For Christmas 2015 we decided to get the whole family snowshoes. L (our current youngest for a few more weeks) is below what we consider good skiing age despite the videos on Youtube of other 2 year olds skiing. Thus with snowshoes we can get some tobagganing in and some snowshoeing (which is just hiking with stuff strapped to your feet) which all equates to family fun outside. We also figured that as we visited Ontario for Christmas and had lots of snow in the Meaford area it would make a great family present.
Well my friends, nature didn’t agree with us and Christmas day dawned in Meaford with around 10C and rain which made opening the big exciting box pretty lame. I believe our older daughter E and I had a conversation something like:
E: These are snowshoes daddy.
E: But there is no snow it’s raining.
E: These are lame Christmas present we can’t even use them. This is the worst present ever!
Now we did get to use them eventually in Ontario, in fact the picture at the top of the post is from just beside my in-laws house in a nice park on a day of snowshoeing. It was a great cool (but not freezing) day where we walked around in fresh snow with no tracks and ended with some tobaggan time. Even with some fun had, snowshoeing has been the hardest outdoor activity for us to help E enjoy. As I wrote about from our Cambie Creek day, she mostly just asked to get pulled on a toboggan within site of the car (as we’re just heading out) and complains. Despite that, we still think the snowshoes were a great purchase to help get our family outside more often.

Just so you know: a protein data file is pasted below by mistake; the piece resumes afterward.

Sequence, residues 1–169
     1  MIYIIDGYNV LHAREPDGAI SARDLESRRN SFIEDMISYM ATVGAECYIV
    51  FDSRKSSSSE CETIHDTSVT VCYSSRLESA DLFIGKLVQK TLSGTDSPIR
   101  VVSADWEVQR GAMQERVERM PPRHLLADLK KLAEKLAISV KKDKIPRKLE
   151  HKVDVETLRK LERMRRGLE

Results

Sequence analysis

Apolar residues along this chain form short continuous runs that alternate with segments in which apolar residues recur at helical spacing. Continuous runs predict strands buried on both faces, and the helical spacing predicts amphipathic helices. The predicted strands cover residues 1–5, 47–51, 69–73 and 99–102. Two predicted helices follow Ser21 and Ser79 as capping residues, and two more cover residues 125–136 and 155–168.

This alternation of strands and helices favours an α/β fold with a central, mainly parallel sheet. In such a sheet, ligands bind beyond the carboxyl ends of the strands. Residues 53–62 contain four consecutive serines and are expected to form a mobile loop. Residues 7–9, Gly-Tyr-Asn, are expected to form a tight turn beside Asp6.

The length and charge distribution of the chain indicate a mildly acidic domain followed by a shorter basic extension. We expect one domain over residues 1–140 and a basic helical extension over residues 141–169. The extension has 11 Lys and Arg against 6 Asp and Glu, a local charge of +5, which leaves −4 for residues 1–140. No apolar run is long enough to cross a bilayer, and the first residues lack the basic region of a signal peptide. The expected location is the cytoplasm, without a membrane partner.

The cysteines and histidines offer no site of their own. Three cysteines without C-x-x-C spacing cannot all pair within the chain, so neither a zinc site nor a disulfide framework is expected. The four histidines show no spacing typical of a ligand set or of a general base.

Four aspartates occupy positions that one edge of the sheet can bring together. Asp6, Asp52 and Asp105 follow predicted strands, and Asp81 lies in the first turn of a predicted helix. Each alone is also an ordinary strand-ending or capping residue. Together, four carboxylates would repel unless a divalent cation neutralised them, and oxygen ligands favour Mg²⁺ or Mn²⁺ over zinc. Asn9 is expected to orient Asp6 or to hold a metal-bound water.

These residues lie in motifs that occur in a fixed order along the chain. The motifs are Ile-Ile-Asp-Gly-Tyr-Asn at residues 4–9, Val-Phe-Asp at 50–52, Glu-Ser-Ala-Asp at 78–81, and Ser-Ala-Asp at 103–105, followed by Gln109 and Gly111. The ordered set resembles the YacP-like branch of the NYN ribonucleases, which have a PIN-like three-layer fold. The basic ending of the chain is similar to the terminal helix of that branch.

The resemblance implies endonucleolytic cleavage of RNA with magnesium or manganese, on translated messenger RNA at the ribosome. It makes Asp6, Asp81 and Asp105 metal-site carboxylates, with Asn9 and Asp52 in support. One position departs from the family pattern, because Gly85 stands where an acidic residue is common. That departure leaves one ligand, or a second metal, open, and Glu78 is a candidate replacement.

Snow Shoe Sizing
We ended up with 3 sizes of snowshoes to fit our family. E is wearing a the MSR Shift. I ended up with the MSR Revo Trail. Cynthia got a pair of MSR Evo Snowshoes. For E the size was an easy pick. We just got the only size that would fit her but it got a bit harder for the adults as we looked at what we hoped to pay and how heavy we are. Actually how heavy I am.
I currently weigh in around 206lbs. This winter Cynthia is carrying our 3rd child (expected June 2016) so she’s not wearing a backpack of any weight. That leaves me with L in our Osprey Poco Premium, with all our stuff for the day in it as well. That means I weigh in around 230lbs or maybe 240lbs if we’ve really loaded the pack up for the day. This means that I actually weigh above the recommended weight for the Revo Trail 25″ (which is what I have) unless I put on the tails (which I don’t have). The Evo which was a less expensive snowshoe didn’t even cover my basic weight let along having a toddler on my back. Really our least expensive choice was the 25″ Revo Trail if we wanted a snowshoe I could actually use. Cynthia would have liked the same ones in the 22″ version, but the price was more than we could afford this year.
All our MSR snowshoes have a fairly easy closure system. Our oldest (5) can even handle much of the process of getting her snowshoes on herself. Simply step in to the snowshoes and then pull the big rubbery ties across and catch them on the large latch. I can easily handle E’s slightly smaller straps even with my bulky gloves on.
For fit look at your weight and get a snowshoe that’s appropriate. I’ve found my Revo Trails fit best with my hiking boots, but are still fine with my trail running shoes. I wouldn’t want to do more than a day hike with the trail running shoes because my toes get pinched, but they’ve been fine for a few 20k days with 60% snowshoeing.
Yes, we do like our snowshoes. Despite the whining from our oldest we’ve had a bunch of fun in the snow and made an effort to see snow much more often because we have the snowshoes. The MSR snowshoes have performed for us well and I have no complaints at all.